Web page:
There are variations on this formula, usually involving the number of idiot friends and the technical detail of whether our scrawny hero hosts or merely attends the blow-out--but it's still a formula that probably should've died after Superbad came out.

Apparently, no one sent that memo to Hangover producer Todd Phillips or first-time director Nima Nourizadeh. Their new movie, Project X, is the premise's ninetieth iteration, as well as this decade's nine-thousandth found-footage-style movie--complete with a pre-story apology from Warner Brothers to everyone affected by its characters' actions.

So, how does one cope with a film they've seen hundreds of times? If it's as effective and hilarious as Project X, the solution involves nothing more than sitting back and absorbing the drunken-party movie to end all drunken-party movies. To be clear: I find the behavior presented here to be inexcusable and unpleasant to the extreme. If the creators' idea of modern teen life are even remotely accurate, I think it's time to seriously consider an American Battle Royale program. But if you leave all sense of propriety, morality, and hope for the future at the concession stand, this movie may just blow your mind.

I've already summarized the plot generically, but knowing the characters' names will better help you follow along. Thomas (Thomas Mann) is our protagonist. Costa (Oliver Cooper) is his wiseass, wannabe-player best friend. JB (Jonathan Daniel Brown) is their overweight, overly cautious whipping boy. Costa recruits an outcast named Dax (Dax Flame) to record every moment of their wild weekend--from the parents leaving town, to Thomas' ongoing Betty-and-Veronica struggle between class queen Alexis (Alexis Knapp) and the girl he's destined to marry, Kirby (Kirby Bliss Blanton).

If you've seen the trailers, you might think this is nothing more than an hour-and-a-half of pathetically gratuitous Facebook photos set to motion and filthy hip-hop. It totally is, and Project X wears its lack of character development, purpose, and moral grounding proudly on a torn, vomit-soaked sleeve. The heroes are caustic assholes to each other and to Thomas' unfortunate neighbors: a pre-pubescent security guards uses a taser on one of them. The partiers are selfish, clueless, and utterly lacking in pride (as evidenced by unquestioned obeissance of Costa's poolside "Naked Chicks Only" sign). In short, Project X is a peek inside the mind of what many scared adults and media moguls would have you believe is the average American teenager.

I haven't been a teen for a long time. But even if I was one today, I doubt I would've enjoyed this party. It's just way too out of control. I loved watching it, though; more to the point, I loved watching screenwriters Matt Drake and Michael Bacall carry on the underhanded tradition Phillips began in his criminally understood and underappreciated Hangover sequel: the filmmakers seem to hate their characters as much as the adult audience hates their actions. Project X is about punishment, not heroism. Sure, the guys get laid, stoned, and incredibly popular, but at the expense of their college funds, freedom, and God knows how many brain cells.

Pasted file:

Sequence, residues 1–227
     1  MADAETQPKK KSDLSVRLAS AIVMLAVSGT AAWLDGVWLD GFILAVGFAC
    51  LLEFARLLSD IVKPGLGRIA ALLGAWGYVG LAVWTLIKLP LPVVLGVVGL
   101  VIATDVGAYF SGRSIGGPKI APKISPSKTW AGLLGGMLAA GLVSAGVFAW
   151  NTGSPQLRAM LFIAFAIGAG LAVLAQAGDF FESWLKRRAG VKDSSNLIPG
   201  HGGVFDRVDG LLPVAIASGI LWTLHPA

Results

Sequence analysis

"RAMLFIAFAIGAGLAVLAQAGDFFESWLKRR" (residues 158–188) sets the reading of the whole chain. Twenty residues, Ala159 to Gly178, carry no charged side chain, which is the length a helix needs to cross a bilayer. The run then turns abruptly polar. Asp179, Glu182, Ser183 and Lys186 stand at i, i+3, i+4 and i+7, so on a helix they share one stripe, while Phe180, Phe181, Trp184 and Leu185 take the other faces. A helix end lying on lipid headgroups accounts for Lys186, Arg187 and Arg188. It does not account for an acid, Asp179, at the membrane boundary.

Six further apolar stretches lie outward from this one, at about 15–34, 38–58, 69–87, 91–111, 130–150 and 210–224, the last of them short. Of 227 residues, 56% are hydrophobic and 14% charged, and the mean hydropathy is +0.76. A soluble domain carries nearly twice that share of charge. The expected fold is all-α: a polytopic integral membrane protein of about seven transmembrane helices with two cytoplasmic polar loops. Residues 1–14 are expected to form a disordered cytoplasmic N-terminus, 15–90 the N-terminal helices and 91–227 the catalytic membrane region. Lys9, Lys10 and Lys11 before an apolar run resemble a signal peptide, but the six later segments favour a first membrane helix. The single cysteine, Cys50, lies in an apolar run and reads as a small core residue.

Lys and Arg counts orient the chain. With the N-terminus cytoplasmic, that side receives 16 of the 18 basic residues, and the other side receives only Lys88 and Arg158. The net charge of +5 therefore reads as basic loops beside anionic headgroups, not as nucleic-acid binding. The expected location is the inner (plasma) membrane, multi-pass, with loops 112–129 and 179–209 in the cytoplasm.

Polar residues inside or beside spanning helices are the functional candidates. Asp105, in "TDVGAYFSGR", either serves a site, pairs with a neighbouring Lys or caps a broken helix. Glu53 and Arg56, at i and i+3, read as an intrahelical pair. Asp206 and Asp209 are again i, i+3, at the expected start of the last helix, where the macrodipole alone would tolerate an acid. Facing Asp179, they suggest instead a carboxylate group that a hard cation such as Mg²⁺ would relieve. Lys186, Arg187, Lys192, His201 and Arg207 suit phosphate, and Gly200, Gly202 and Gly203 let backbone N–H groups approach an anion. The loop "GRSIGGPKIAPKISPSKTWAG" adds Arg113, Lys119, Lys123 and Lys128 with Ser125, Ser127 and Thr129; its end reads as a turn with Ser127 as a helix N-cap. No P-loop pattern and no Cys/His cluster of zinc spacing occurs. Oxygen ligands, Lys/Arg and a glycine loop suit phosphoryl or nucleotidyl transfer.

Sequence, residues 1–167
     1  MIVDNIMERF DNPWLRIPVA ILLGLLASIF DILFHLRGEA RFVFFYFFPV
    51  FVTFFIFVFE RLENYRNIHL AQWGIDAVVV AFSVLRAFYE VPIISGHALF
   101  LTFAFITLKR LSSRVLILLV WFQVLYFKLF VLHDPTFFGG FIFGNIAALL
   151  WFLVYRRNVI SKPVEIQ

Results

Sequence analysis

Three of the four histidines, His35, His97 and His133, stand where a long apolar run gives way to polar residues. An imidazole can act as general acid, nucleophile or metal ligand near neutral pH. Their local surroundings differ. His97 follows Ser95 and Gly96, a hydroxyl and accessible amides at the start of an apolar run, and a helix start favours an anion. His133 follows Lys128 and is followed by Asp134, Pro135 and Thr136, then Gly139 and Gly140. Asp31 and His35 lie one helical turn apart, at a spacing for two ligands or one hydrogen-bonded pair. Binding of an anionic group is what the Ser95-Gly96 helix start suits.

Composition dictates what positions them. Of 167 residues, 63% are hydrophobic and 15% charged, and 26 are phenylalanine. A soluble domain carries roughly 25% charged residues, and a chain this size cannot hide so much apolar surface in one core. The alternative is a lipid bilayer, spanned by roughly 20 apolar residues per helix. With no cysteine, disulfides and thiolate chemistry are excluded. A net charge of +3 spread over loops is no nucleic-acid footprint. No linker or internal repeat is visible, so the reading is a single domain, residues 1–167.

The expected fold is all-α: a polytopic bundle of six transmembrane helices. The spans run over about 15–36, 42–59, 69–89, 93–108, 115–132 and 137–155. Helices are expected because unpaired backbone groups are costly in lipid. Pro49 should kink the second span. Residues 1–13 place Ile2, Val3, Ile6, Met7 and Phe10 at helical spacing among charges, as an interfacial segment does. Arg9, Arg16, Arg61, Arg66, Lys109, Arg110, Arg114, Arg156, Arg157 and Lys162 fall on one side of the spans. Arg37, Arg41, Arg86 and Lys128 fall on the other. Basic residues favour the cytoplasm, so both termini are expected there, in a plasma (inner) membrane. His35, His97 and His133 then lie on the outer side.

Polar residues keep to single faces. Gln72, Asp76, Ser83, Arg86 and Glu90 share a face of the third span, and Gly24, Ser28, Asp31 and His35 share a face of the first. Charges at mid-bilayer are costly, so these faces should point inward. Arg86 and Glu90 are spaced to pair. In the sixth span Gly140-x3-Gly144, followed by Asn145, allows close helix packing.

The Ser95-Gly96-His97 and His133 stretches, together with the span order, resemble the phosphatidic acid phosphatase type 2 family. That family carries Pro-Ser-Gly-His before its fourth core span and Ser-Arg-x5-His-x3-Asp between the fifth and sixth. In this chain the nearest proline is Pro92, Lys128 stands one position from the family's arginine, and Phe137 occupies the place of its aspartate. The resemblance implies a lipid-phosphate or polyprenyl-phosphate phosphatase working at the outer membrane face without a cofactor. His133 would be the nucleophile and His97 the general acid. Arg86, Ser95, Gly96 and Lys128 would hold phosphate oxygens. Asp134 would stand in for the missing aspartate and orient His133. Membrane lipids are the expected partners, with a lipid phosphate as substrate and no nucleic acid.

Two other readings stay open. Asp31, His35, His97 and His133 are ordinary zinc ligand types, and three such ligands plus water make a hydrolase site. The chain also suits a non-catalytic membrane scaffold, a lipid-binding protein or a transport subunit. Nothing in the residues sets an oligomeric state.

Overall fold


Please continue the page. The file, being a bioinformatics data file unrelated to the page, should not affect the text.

Their elated feelings are very much "in the moment", with cold, stark reality waiting just around the corner. The cute text-on-screen blurbs that close out the film are meant to elicit giggles--and they do--but if you pay attention to what's really going on, Phillips and company have rewarded the protagonists' single night of debauchery with a lifetime of misery--or at least potential subservience to those who were cool enough to keep their acts together. But, again, in the moment, we are allowed to share in the joys that come from diving off a roof into a pool with a head full of Ecstacy and a freshly spent penis.

My one gripe with the movie is the filmmakers' decision to ignore the corner they paint themselves into. Costa uses a brilliant bit of pseudo-lawyering to turn away a couple of idiot cops early on, but a couple hours later, the party has spilled out into Thomas' whole street. Lawns and cars have been taken over, and the music can be heard, I'm sure, a mile away. But it isn't until Thomas flips off a news helicopter that more squad cars show up. I'm pretty sure they would've been on the scene long before the riot unit was even considered.

Oh, did I mention that Project X's climax is a full-on rubber-bullets-and-flash-grenades war-zone Granted, it's kicked off by an insane drug dealer (Rick Shapiro) wielding a flame thrower--but there are definitely kids in police crossfire by the time aerial units begin bombing the neighborhood with water to save it. The penultimate ten minutes of this film look like the climax of Can't Hardly Wait, filtered through CNN coverage of The Occupy Movement or last year's Arab Spring. Even the weird loner kid, Dax, takes on darker tones in light of several recent school shootings. But in the tradition of great, black comedy, Project X makes the unthinkably disturbing gut-bustingly funny.